MIT develops new "reverse air conditioner" solar power system for the developing world
By David Szondy
August 16, 2012
Solar power would appear to be an obvious choice for the developing world, but as impoverished regions need systems that are simple, self-operating and cheap to build and maintain, this is generally not the case. The ability to provide heating in addition to electricity would also be beneficial because many communities need hot water has much as they need lights. An MIT team has developed a solution that meets these needs with a solar power system that is an air conditioner built backwards.
Mention of the developing world brings up images of deserts, jungles, veldts and other hot climates, but some poor regions lie in the temperate zone. In southern Africa, for example, it can get very cold in the winter time. MIT graduate Matthew Orosz noticed this while working for the Peace Corps in Lesotho where local clinics needed not only electricity, but access to hot water. “We’ve had nurses tell us they avoid washing their hands in the winter, because the water is so cold,” he said. “So hot water is very welcome.”
According to Orosz, 30,000 clinics and 60,000 schools worldwide lack electricity, but enjoy enough sunshine to meet their energy needs. In a paper to be published in the ASME Journal of Engineering for Gas Turbines and Power, Orosz describes how the MIT team that he helped establish, set up a non-profit organization called Solar Turbine Group (STG) to develop new solar power systems for the developing world.
The answer they came up with is a new type of solar power system, which was first installed at the at Matjotjo Village Health Clinic in Lesotho. The prototype looks pretty conventional with parabolic mirror troughs focusing sunlight on a tube. However, looks can be deceiving because this was neither a steam or hot water power system. Instead, STG developed a system that uses an Organic Rankine Cycle (ORC).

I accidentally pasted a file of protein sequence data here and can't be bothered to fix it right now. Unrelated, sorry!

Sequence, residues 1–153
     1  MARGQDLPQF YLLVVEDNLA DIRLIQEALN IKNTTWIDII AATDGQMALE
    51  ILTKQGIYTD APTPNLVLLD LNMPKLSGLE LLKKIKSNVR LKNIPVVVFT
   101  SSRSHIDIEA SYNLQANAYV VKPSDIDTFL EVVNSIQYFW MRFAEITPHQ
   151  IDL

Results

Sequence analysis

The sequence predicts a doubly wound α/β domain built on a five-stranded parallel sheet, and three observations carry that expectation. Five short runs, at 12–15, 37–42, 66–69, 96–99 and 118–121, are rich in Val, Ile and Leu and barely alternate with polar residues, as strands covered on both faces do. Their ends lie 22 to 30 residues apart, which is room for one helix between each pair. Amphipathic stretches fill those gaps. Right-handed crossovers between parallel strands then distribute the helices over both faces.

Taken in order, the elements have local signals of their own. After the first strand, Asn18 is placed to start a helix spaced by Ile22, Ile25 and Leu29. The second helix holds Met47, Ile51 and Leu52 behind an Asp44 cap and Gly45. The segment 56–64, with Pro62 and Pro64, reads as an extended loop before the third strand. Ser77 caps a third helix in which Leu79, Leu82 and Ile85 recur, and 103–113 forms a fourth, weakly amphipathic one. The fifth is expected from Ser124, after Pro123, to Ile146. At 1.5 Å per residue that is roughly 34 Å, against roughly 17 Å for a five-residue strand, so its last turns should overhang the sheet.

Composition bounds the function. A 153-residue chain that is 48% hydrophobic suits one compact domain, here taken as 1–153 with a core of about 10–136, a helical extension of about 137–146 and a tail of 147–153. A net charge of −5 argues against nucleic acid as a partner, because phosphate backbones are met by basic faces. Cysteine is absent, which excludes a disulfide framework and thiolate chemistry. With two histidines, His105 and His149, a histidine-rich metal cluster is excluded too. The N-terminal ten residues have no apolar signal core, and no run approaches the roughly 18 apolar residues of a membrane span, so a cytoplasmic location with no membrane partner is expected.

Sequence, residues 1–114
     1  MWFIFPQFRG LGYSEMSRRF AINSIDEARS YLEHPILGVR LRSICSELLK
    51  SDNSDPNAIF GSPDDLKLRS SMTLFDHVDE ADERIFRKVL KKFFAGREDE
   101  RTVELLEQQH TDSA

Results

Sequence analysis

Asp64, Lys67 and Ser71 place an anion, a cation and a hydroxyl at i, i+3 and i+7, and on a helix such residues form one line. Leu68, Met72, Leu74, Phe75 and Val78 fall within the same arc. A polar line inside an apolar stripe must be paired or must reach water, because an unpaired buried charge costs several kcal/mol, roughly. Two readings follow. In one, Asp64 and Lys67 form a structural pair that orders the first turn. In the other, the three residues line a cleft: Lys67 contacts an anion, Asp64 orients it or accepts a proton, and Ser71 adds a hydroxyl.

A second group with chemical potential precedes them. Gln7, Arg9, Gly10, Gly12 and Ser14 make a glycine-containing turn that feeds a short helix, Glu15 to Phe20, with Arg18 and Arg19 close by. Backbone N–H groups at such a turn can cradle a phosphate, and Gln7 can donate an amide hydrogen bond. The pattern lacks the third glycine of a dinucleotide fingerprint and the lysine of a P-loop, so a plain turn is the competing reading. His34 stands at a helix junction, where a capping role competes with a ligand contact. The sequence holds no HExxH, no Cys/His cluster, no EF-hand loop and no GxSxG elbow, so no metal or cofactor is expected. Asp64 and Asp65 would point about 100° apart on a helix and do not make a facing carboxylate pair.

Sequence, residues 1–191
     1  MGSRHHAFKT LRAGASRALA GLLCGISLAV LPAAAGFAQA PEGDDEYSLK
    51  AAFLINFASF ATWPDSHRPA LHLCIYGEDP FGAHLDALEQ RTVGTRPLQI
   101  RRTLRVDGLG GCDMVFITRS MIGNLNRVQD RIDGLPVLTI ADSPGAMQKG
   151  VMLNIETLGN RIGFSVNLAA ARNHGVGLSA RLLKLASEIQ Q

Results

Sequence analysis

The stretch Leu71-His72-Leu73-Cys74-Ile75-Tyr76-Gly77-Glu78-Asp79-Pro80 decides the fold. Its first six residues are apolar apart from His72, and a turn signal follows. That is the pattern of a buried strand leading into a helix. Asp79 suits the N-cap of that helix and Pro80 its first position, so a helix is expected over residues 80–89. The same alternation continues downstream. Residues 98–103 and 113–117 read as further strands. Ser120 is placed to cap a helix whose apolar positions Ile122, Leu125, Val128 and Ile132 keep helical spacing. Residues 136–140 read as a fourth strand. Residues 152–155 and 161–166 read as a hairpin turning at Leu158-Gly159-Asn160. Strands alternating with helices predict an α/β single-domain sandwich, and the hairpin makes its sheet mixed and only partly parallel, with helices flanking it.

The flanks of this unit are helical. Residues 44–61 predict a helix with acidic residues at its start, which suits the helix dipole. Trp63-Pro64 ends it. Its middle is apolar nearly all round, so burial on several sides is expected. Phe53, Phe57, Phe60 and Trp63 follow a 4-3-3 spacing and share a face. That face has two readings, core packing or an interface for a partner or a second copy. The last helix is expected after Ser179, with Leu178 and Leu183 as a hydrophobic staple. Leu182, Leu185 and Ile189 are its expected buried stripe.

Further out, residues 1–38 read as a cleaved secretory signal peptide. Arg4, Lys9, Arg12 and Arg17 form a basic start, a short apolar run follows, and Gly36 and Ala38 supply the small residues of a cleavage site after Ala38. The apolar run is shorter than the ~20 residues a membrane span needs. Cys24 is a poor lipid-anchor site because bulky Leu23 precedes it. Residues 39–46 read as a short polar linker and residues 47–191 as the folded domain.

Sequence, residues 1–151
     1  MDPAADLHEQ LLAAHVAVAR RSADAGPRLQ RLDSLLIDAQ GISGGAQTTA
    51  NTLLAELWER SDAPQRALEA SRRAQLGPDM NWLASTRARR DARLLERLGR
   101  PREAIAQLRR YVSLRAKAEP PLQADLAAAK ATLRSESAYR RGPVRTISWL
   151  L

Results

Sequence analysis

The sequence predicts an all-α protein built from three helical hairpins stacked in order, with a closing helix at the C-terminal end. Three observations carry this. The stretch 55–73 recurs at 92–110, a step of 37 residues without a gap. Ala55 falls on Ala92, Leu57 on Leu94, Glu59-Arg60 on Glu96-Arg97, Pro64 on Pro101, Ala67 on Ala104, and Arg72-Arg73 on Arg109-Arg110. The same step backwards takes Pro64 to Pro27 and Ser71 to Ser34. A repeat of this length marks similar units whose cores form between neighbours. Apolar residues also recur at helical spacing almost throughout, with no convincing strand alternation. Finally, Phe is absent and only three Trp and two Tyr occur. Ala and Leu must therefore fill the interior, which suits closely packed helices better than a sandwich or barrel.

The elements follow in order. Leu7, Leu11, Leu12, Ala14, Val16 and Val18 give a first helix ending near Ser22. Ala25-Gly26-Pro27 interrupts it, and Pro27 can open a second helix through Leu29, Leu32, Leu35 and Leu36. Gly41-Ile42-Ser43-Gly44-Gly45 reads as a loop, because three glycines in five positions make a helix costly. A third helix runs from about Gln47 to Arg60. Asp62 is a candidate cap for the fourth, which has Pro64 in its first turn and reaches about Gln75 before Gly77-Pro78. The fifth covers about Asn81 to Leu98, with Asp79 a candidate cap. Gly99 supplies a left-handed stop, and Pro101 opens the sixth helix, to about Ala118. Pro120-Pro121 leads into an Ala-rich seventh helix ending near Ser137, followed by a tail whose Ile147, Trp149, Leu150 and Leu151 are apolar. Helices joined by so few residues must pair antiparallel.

An ORC system is basically one in which the water is replaced with an organic fluid similar to that used in commercial air conditioners. In fact, the STG system not only uses air conditioner fluid, it is an air conditioner that runs in reverse.
An air conditioner uses a liquid with a very low evaporation temperature, such as ammonia or an organic chemical. In the air conditioner, a compressed liquid expands into a gas inside a coil. This expansion draws heat out of the coil and makes it very cold. This cold coil is what cools the warm air as it blows over the coil. The gas then goes through a compressor, which turns it back into a liquid, but makes it hot in the process, so it goes through another coil that cools it with outside air before sending it back to expand in the first coil. To put it very simply, electricity and hot air goes in and cold air comes out.
In the STG system, the cycle runs in reverse. Instead of cooling a house, the system uses the sun to heat the liquid and turn it into a hot gas. This expanding hot gas turns the generator and some of the waste heat also goes to making hot water. It’s basically a mechanical version of how Michael Faraday described an electric motor. Run electricity through a motor and it turns. Turn the motor and it makes electricity. By adding a chiller stage, the system can not only generate power and heat water, but it can also chill things as well.